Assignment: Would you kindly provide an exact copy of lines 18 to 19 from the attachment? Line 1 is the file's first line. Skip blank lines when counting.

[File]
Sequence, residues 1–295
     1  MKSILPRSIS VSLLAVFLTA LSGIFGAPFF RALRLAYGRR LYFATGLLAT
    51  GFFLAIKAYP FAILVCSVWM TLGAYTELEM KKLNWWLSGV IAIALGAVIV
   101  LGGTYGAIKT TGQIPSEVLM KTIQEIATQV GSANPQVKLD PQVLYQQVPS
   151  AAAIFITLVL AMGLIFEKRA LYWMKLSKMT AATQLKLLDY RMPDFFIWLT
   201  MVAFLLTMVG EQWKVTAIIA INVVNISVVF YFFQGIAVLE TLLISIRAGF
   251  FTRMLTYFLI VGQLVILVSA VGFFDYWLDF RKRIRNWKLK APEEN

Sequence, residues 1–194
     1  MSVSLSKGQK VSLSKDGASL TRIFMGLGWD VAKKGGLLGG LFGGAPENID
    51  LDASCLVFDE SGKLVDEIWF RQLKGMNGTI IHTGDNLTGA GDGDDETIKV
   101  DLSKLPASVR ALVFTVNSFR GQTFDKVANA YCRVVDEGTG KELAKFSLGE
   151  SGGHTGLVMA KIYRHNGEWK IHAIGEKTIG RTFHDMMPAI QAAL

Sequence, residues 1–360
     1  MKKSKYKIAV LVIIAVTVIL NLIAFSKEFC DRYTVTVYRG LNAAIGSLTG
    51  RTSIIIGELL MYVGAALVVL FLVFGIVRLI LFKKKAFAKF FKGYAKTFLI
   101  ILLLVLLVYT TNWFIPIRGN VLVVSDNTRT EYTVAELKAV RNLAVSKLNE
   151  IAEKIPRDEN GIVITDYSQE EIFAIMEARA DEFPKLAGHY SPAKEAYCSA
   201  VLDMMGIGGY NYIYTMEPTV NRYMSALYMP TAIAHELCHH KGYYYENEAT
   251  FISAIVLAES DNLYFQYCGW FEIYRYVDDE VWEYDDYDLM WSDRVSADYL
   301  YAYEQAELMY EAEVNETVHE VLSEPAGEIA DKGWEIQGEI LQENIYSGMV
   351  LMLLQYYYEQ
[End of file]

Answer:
   201  VLDMMGIGGY NYIYTMEPTV NRYMSALYMP TAIAHELCHH KGYYYENEAT
   251  FISAIVLAES DNLYFQYCGW FEIYRYVDDE VWEYDDYDLM WSDRVSADYL